I may be interested. I'm in escrow for a 1910 craftsman in west adams, and the kitchen sink was changed to a metal one. Of course, I need to get the house first. Thanks, Cari
How much do you want for that sink
As others said you can have the sink etched and epoxy painted, but then you should expect to have to redo this every 2-7 years (depending on quality of the job) for the rest of the sinks life.
There are not many places out there that refire the porcelain. To do so the sink needs to be sandblasted, then refired. There is one company in IL doing it, customceramic.com, but beyond the prices, you'll spend a couple hundred bucks in freight shipping your sink back and forth. Probably worth it for a high end installation in your personal home, but I wouldn't bother with a rental. Norcal is a great source for these old sinks. I personally bought a 1933 corner mount 4 foot sink from Berkely. There are tons of old homes still standing and slowly being renovated up north. There is much more and much better architectural salvage up there. As for determining age. If your sink has a tall 12" back splash its 1920s or older. if its a smaller 6-8" backsplash its 1930s, by the 1940s sinks started coming with tiny little backsplashes and most of the time, none at all. Just about all cast iron sinks made prior to the 1960s have the dates stamped on em, simple six digit code, year, month, date, not exactly in that order though. see picture for example Attached Images
What's wrong with a sink that looks old? Why not leave it the way it is? As long as it is usable. Unless, of course, you're hell bent on being a rapacious consumer. Peace. R. Bennett-Architect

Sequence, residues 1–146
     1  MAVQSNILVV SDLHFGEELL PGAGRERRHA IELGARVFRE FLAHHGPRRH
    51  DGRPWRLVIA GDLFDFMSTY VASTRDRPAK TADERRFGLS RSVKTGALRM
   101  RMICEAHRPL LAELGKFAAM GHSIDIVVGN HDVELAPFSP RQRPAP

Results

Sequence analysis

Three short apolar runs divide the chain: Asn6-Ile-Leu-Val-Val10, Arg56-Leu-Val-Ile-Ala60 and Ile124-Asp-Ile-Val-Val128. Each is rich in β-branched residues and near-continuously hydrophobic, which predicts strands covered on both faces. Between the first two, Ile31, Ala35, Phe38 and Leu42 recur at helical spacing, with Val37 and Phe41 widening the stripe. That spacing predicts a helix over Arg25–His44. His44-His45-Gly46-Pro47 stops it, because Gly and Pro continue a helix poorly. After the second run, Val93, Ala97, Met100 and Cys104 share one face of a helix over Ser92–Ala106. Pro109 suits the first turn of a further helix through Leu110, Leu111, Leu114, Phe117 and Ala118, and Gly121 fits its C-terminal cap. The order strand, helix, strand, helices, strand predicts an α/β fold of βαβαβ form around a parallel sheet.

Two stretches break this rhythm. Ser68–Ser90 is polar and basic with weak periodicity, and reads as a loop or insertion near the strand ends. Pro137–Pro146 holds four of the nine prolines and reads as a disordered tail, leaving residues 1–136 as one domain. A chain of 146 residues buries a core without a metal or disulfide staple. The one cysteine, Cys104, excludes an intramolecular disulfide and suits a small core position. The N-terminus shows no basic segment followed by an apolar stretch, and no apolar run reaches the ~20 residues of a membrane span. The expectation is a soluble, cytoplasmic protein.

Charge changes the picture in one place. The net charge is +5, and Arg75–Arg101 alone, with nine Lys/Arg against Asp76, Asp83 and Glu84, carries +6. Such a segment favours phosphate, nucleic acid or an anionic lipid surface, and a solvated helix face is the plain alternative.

Wow, it's funny to see this as the "question of the month" as I asked it so long ago - though given the amount of views it's had over the years it must be a popular subject.
Just to put some closure on this, at least from my standpoint: I got some estimates and it was just not cost-effective to repair the damage, so I went with a replacement modern sink. I never did find out exactly when the original sink was made, but my plumber didn't think it was original to the house. He thought it was from a later renovation, maybe '50s. That was another factor in my decision - I figured if I was going to spend serious money on a period look I might as well go with the correct period! In any case, as we were hauling the sink out to the curb to load it into our truck, someone driving by offered to take it off our hands. So someone out there thought it had value (either as architectural salvage or perhaps simply as scrap). So at least it was recycled in some way. Thanks for all the answers; I learned a lot about old sinks in this thread! Darrell
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Roger, to answer your question the housing department required me to either repair or replace the sink - it was in a rental and it was flagged by the building inspector as being too damaged to let go. When you rent your house out, you can't just let things just "look old". In any case, the renter got a new sink and the old cast iron one is probably a set of spoons by now.